Long, hot days, summer vacation and baseball are the hallmarks of summer and in Japan, are best enjoyed while drinking an ice cold beer!
Japan ranks among the top beer consumers in the world, selling an estimated 718.5 million gallons in 2015 according to the Brewers Association of Japan. Five companies dominate the beer market in Japan, including Asahi, Kirin, Suntory, Sapporo and Orion. These five companies, along with craft breweries, produce the majority of beer in Japan, everything from traditional lagers and ales, happoshu or low-malt beers to new genre beers, which are brewed from non-malted crops.
And those beers are the siren song of summer.
Beer is enjoyed throughout the year, but the warmer days of summer inspire Japanese people to enjoy their beer in large mugs after work at Japanese izakaya pubs, at beer gardens with savory delicacies and served by beer girls at baseball games. Everywhere you can enjoy beer has a story… and the most unique experiences!
Enjoying cold, frosty mugs of beer at beer gardens is a uniquely Japanese experience. Open only during the summer, department stores host beer gardens on their rooftops in the evenings. Customers purchase entry tickets, which entitle them to as much beer and food (and sometimes dessert!) that they can consume during a specified time. Sometime these beer gardens even have themes, like the “Genghis Khan Beer Terrace” at the Odakyu Department Store in Shinjuku, Tokyo. Here they serve Genghis Khan Barbecue and all-you-can-drink Hokkaido beer. The highest beer garden in Japan–Beer Garden Patio 28—is located at a height of 453 feet on the 28th floor of the Osaka Rinku Gate Tower building. This beer garden caters to the exclusive gourmand, serving food prepared on order by famous chefs and a varied selection of drinks, not just beer. And one of the largest beer garden in Japan is held in Hokkaido’s Odori Koen. This beer garden can seat 13,000 people and has even more standing room! A few hours in the open evening air, with views of the city lights and airplanes taking off from the neighboring airport, enjoying a cold beer and good company sounds amazing!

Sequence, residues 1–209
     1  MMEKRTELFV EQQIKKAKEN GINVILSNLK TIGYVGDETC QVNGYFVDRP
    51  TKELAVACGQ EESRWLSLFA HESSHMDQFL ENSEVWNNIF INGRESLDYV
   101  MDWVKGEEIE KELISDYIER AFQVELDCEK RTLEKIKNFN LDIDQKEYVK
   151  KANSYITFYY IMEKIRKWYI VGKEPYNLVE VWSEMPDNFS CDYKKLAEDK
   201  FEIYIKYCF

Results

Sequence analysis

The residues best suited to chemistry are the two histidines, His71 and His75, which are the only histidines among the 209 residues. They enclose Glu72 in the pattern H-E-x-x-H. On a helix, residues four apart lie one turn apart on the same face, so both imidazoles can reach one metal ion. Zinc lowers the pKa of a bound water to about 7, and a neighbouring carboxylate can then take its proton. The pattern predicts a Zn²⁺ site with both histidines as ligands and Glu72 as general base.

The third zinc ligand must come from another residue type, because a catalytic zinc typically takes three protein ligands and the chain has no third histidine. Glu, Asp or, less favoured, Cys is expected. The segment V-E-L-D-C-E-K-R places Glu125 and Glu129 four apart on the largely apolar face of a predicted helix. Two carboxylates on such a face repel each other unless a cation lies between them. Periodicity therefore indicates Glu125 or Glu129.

If you are interested in learning about the beer making process, some of the major breweries have opened up their facilities to provide educational opportunities and to allow visitors to taste the full line of beers they offer. One of the popular destinations is the Asahi Beer’s Kanagawa Brewery, where you can get an English guide service. The factory tours dive into the process of brewing beer, and end with tastings!
The big breweries have also helped spawn the craft beer movement in Japan. Since the mid-1990’s small-scale breweries throughout Japan have begun making specialty beers, often using traditional methods and uniquely Japanese ingredients. One such brewery is run by brewmeister Momoyo Kagitani, the brewer of Loco Beer, and multiple award-winning brewer of craft beer. Ms. Kagitani has developed a Japanese version of the German kolsh beer, suiting it to local tastes and creating an international sensation. She carries on the tradition of brewing that reaches back to the mid-1880s, when Dutch traders setup their own mini-breweries in Nagasaki to serve their shipmates.
The next time you’re in Japan, enjoy a cold one at your local izakaya, beer garden or baseball game! And don’t forget to share your photos with us!